From beliefs that a lunar eclipse can cause fetal abnormalities to associating the baby’s gender through a woman’s appearance, there is no denying that pregnancy myths abound. With the general notion of pregnancy as a time when women are most vulnerable to hazards, it comes with no surprise that pregnancy myths have survived the times. But whether or not these myths have any scientific bearing, they seem to attract believers even to this very day. Listed below are the most common pregnancy myths along with an explanation whether these are even worth believing:

1. Heavy lifting can cause preterm birth.

This myth is not absolutely false because in high-risk pregnancies, women are really cautioned to avoid heavy lifting to prevent preterm birth. Conditions that may require women to avoid heavy lifting are those with a history of preterm birth, incompetent cervix, miscarriage, and other abnormalities of the cervix and uterus. To add to that, it is generally considered unsafe to carry more than 25 pounds of weight because pregnancy alters a woman’s sense of balance thereby making fall-related accidents and injuries common.

2. Hair dyes are not safe to use during pregnancy.

When pregnancy changes are plenty, hair dyes offer women an extra boost in their self-esteem. But are they totally safe? According to the American College Obstetricians or ACOG, there have been no known risks in the use of hair dyes in pregnant women because very little dye gets absorbed through the skin. If you don’t want to be in contact with any chemicals during pregnancy, opt for non-chemical or natural dyes because they are of course, the best option.

3. Pregnant women should avoid taking baths.

There is no truth to this myth whatsoever; however pregnant women are strongly advised to avoid taking hot baths and saunas. During pregnancy, expecting women are advised to stay away from activities that would raise their core temperature to more than 102 degrees Fahrenheit. Prolonged overheating for at least 10 minutes is unsafe for the baby and when it happens during the first trimester, it may lead to neural tube defects. In the latter part of pregnancy, overheating can easily lead to dehydration.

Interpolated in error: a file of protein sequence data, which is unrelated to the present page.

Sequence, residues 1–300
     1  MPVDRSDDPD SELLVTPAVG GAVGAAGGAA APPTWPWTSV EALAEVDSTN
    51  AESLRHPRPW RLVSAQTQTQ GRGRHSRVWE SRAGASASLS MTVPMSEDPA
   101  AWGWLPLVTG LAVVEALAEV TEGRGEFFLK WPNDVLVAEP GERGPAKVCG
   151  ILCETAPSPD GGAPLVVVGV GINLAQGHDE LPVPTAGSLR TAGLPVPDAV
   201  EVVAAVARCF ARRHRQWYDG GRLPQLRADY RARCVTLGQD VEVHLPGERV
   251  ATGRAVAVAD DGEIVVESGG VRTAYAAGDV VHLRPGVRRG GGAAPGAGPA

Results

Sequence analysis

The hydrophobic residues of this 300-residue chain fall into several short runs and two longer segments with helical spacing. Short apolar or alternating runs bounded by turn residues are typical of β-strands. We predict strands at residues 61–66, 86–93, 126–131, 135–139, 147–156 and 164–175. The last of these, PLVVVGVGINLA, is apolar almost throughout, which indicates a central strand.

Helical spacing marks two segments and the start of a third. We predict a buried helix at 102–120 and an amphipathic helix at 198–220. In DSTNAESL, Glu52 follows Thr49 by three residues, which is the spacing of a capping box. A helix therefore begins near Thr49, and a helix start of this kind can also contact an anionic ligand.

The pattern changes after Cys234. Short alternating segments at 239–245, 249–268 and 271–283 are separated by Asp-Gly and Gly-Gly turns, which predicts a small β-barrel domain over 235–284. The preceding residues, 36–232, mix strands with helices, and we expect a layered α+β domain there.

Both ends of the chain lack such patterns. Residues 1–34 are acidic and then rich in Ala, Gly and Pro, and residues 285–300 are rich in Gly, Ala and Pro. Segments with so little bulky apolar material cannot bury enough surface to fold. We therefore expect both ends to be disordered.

4. Air travel during pregnancy is not safe.

Air travel is deemed safe for leisure flyers. However, you need to consult your health care provider if your work involves frequent flying because repeated exposure to radiation due to high altitude flying may no longer be safe for your baby. The other concern with flying is also the overall safety of a pregnant woman and her baby. In uncomplicated pregnancies, flying is safe especially during the second trimester. But flying is no longer allowed after the 36th week of pregnancy because in the event of early delivery, medical care is not immediately available. Likewise, expecting moms who are at risk for premature labor and those with blood pressure issues are not allowed to fly. Women with sickle cell disease, uncontrolled diabetes, and placental abnormalities are also not allowed to travel by plane.  For your safety, get your doctor’s approval before making any travel plans.

5. Standing for long periods of time can lead to prematurity.

Studies have shown that prolonged standing can increase the risk of preterm birth. When standing, circulation in the lower extremities is compromised and it can potentially hamper the delivery of nutrients to the baby. For this very reason, expectant moms are advised to take rest periods — ideally after every 4 hours of prolonged standing. If your job requires that you stay in a certain position for a long period of time, make sure that you shift positions and take breaks at intervals.

For as long as pregnancy hazards are there, these myths will continue to exist. But pregnancy lasts only a mere nine months, so take the time to enjoy every minute of it and stop worrying.  Learn to trust your instincts and work closely with your doctor to ensure that you have a healthy and stress-free pregnancy.